Most of the time, high school golfer Beau Hossler (center) would be playing with his friends, but in 2012 he was center stage in the golf world. What’s next for him?
Playing in a US Open or the Open Championship is quite an accomplishment. For all except an accomplished touring professional it can be the rare experience of a lifetime. Any who do qualify to play in these championships have game, but for most it never again surfaces enough in competition to take them to the next level.
This year it was a high school golfer from Southern California that really captured the world’s attention, Beau Hossler. I spotted Hossler early in the week during a Monday practice round at The Olympic Club. I was not familiar with the name or the swing, but nevertheless impressed with his game. It’s incredible to me that in that crucible of a tournament, he would long remain a contender, let alone lead it for ten minutes. For me, it’s the individual story of the year.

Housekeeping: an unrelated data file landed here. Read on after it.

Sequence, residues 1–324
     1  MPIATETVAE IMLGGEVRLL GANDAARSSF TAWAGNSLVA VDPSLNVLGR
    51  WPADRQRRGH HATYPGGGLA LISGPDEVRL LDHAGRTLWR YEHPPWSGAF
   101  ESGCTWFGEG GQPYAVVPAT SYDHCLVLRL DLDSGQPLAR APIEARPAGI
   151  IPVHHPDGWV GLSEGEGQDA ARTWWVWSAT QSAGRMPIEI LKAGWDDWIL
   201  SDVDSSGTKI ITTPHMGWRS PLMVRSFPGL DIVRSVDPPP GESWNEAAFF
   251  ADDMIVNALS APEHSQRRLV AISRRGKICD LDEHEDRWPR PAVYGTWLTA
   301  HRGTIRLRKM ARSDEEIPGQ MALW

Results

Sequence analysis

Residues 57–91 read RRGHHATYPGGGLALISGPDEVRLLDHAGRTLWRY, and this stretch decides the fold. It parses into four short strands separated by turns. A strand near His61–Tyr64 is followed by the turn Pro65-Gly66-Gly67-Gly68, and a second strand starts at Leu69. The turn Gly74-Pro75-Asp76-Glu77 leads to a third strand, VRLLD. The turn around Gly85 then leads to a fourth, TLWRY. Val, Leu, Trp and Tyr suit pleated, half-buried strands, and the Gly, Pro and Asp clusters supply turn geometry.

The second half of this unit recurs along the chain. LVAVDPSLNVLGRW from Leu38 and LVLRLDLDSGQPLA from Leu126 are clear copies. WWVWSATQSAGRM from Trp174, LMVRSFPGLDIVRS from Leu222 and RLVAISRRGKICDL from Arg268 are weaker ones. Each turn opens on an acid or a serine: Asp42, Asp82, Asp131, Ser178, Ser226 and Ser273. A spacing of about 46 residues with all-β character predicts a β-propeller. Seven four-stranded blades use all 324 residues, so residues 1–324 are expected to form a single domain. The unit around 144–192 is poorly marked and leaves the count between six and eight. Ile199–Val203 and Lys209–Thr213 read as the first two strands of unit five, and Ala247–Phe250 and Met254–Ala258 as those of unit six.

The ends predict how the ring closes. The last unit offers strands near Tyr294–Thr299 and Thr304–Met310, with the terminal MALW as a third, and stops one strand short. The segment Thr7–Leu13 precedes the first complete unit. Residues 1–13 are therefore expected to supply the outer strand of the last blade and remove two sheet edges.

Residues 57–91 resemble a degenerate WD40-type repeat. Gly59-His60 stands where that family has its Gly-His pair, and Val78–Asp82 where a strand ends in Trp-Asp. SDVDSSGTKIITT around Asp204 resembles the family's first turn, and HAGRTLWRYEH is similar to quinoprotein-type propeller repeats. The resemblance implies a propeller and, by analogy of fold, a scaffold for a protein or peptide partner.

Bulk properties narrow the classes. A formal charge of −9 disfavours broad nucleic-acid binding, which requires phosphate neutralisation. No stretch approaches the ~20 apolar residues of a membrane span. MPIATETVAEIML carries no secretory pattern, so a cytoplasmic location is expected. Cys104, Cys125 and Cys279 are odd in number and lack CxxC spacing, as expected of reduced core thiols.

Looking back, an improbable chip-in from the rough on the 72nd hole had Justin Rose finish tied for fourth place in the 1998 British Open Championship. Obviously the youngster had game, but upon quickly turning professional thereafter, he suffered a long devastating spell of not being able to survive another cut. Most would have likely quit the profession. Against the odds, he persevered and has become one of the world’s top players. What will become of Hossler as he continues on to college? Or what has happened to the legions of very talented other amateurs or professionals who once or twice had their time on the big stage?
Seventeen year-old Justin Rose celebrates his holed last shot in the 1998 British Open.